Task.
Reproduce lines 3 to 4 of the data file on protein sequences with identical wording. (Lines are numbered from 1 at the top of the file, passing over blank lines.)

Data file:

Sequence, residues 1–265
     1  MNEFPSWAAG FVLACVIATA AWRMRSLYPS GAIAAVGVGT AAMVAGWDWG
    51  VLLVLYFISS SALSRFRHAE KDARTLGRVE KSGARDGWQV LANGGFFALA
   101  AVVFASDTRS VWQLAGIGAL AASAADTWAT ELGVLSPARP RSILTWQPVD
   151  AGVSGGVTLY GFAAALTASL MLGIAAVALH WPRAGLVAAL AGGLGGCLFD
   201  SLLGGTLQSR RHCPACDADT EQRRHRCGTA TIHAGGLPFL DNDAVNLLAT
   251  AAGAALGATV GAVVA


    51  VLLVLYFISS SALSRFRHAE KDARTLGRVE KSGARDGWQV LANGGFFALA
   101  AVVFASDTRS VWQLAGIGAL AASAADTWAT ELGVLSPARP RSILTWQPVD